LOGAN — For the second time this month, the Logan County Commission (LCC) has responded to allegations of financial misconduct on social media.
Rather than take the social media assault lying down, the commission has responded with what is, perhaps, a government body’s greatest weapon against rumor and alleged scandal: transparency.
At their Dec. 7 meeting, the LCC received an update from Jack Barry, director of the local government purchasing card program for the state auditor’s office.
Barry praised the commission for their increased use of the state purchasing card describing the card as the most transparent way a government body can make a purchase.
During the meeting, Logan County Administrator Rocky Adkins addressed Barry saying, “The county commission was made aware of something that happened on social media….There is an insinuation of money being misspent because of gaps on the check register.”
Barry responded, “To my knowledge, that is not true. You guys have done very, very well and we appreciate your effort…”
Adkins then released the following statement to the media:
“The Logan County Commission, on behalf of its employees who work in the purchasing department, felt a need to respond. On a social media venue, it has been falsely insinuated that there are some checks unaccounted for in our check register by lines being blank. The blank lines are a replication of the last entry above it, which is typical in most software printouts. Purchasing has copies of these checks for anybody to review. The checks in question are audited in two ways: our annual county audit and the W.Va. purchasing card audit.”
In essence, social media posts accused the LCC of attempting to embezzle funds by using a purchasing card they knew would be audited twice.
More recently, similar posts have accused the LCC of overpaying for its new building situated across from the Logan County Courthouse.
Because the building has ties to former Logan County politicians, social media posts are alleging a conspiracy to purchase the building at well over market value.
However, while answering questions from the Logan Banner, the poster stated they obtained the value of the building in question from the Logan County Assessor’s Office.
For tax purposes, the Logan County Assessor’s Office assigns a building’s assessed value at a percentage of its market value.
Adkins explained the assessor’s office assigns only 60 percent of a building’s value to be taxed, so, when the social media poster attained a value for the building at the assessor’s office, they attained the assessed value — not the market value.
On Dec. 17, Adkins forwarded a copy of the building’s appraisal to The Logan Banner.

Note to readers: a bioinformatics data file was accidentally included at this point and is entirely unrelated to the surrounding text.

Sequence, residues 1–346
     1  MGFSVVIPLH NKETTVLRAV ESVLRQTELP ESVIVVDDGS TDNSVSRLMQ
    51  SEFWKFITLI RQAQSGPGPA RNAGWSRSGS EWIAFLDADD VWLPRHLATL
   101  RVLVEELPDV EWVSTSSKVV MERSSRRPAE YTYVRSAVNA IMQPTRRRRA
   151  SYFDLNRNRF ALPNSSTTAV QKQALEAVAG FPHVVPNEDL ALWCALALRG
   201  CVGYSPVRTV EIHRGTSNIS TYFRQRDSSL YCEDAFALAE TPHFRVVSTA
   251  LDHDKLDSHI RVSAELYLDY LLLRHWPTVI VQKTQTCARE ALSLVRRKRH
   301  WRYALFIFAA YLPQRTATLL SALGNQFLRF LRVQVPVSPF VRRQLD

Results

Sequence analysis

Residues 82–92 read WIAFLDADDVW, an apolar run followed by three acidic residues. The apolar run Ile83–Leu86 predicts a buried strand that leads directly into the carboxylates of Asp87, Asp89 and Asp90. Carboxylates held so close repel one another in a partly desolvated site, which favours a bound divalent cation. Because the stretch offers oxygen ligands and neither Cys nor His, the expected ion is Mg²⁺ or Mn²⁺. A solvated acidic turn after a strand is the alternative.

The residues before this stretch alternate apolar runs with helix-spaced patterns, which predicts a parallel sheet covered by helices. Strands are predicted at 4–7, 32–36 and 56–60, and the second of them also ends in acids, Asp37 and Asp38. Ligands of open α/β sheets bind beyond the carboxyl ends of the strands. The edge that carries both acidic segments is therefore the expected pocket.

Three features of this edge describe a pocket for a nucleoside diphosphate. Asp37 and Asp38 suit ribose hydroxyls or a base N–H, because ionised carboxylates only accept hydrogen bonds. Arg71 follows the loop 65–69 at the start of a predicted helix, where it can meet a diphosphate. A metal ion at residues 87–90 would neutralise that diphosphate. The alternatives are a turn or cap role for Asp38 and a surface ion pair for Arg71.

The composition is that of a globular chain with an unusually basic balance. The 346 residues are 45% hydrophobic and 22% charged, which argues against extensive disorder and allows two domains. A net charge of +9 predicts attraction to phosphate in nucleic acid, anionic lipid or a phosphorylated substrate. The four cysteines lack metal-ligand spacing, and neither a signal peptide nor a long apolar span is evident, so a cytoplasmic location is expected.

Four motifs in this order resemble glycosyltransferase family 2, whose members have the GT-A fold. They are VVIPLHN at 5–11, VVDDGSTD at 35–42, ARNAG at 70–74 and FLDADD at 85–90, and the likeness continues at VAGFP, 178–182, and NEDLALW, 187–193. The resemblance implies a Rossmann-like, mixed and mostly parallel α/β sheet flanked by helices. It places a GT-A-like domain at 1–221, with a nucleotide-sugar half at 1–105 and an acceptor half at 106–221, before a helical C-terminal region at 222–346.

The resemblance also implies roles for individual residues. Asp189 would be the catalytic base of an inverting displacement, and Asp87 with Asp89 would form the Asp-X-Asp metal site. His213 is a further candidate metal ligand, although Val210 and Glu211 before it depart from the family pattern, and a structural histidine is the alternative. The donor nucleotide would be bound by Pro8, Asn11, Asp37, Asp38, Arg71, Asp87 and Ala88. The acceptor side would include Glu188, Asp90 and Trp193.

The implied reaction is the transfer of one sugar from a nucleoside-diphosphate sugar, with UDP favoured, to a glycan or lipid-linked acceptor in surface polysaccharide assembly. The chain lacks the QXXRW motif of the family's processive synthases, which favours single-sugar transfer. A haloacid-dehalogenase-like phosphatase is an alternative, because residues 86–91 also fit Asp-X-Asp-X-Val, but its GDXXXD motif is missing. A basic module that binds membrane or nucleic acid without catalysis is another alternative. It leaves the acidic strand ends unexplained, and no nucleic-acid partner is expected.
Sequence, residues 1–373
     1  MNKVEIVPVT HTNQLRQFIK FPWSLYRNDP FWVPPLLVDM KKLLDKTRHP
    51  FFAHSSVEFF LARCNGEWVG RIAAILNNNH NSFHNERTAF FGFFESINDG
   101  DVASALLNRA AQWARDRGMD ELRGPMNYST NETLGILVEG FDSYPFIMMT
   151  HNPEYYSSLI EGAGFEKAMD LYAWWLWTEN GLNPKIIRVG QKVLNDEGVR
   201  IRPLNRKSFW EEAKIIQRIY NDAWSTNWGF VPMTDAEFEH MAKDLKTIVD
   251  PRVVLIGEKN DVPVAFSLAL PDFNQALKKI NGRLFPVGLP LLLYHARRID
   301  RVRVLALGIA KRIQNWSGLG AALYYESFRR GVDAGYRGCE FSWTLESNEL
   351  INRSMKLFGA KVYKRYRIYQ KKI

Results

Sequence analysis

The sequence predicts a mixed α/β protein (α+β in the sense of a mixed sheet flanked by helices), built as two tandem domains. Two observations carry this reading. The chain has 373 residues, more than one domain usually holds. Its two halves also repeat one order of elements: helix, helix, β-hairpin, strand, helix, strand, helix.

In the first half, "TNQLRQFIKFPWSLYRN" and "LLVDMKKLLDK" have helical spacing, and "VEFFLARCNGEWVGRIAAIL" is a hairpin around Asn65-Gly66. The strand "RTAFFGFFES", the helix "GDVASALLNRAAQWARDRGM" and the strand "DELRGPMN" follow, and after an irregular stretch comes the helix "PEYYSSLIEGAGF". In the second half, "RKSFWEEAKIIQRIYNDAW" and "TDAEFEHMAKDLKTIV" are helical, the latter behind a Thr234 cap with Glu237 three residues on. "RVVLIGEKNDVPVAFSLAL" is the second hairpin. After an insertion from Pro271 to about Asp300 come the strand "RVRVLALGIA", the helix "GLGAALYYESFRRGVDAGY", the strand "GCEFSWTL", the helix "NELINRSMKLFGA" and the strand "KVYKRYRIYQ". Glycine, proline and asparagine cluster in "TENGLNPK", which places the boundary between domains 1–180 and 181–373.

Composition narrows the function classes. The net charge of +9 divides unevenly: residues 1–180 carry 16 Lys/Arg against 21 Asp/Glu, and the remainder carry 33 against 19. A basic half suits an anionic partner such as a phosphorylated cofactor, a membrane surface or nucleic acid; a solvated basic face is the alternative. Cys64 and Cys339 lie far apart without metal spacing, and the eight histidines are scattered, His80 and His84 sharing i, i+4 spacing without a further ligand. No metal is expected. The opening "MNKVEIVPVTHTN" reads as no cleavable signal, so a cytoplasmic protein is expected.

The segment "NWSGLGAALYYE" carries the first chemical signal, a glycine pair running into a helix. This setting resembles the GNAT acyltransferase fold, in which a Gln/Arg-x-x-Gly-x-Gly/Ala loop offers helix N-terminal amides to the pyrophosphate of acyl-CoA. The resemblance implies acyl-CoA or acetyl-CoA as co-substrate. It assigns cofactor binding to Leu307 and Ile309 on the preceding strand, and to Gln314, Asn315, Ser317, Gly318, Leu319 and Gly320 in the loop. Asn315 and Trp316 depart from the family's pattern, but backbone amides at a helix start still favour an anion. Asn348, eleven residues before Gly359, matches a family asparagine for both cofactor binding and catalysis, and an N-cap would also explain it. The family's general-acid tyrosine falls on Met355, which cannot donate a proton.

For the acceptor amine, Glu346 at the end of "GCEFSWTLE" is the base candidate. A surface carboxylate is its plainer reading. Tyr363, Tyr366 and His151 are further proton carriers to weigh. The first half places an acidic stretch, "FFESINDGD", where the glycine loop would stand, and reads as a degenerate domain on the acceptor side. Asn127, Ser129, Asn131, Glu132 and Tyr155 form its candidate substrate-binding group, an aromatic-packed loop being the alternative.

The document shows that the LCC employed the Charleston firm Rolston and Company to attain an appraisal for the building.
The appraisal states the building was valued at $1,191,000 on Dec. 8, 2014.
Adkins added a deal was worked out where the LCC would purchase all of the existing office furniture in the building for $39,000 bringing the total spent on the building to 1,230,000. Adkins reported the total value of the furniture was estimated to be over $200,000.
Adkins noted, “The truth is the truth.”
During an interview with The Logan Banner, Adkins also addressed the social media response to several break-ins that occured in Logan Dec. 15.
The break-ins occurred at the Hot Cup Coffee Shop and the old National Bank Building next door.
Logan Chief of Police E.K. Harper explained they believe the suspect entered the Hot Cup in the rear of the building and eventually used the building’s roof to access the building next door.
“It’s a universal problem that there’s crime everywhere,” added Adkins.
After the break-in, Michael Cline, the owner of the Hot Cup Coffee Shop in downtown Logan, turned to Facebook posting his opinion that Logan County officials are not dolling out proper punishments to criminals.
The posts made their way to Adkins who reports he opened a dialogue with Cline about the workings of the justice system in Logan County.
Cline later released the following post on Facebook:
“…in the interest of only the truth and getting to the bottom of the problem of crime that is begining to threaten the viability of our little town, you’ll be happy to know that I have began an open dialogue with people who work with the police, the magistrates and the county commission. It’s one thing for me to post statistics and place blame out of frustration, but that doesn’t solve problems. Talking with people who can cause change does. I look forward to more future discussions with these individuals on what it takes for them and, indeed, all of us to enact positive change in our communities.”
As social media continues to becomes more pervasive in daily life, municipalities and government bodies everywhere are taking notice and responding to issues as they arise — a trend that is sure to continue.
Owen Wells is a reporter for Civitas Media. He can be reached at 304-752-6950 ext. 1729 or by email at [email protected]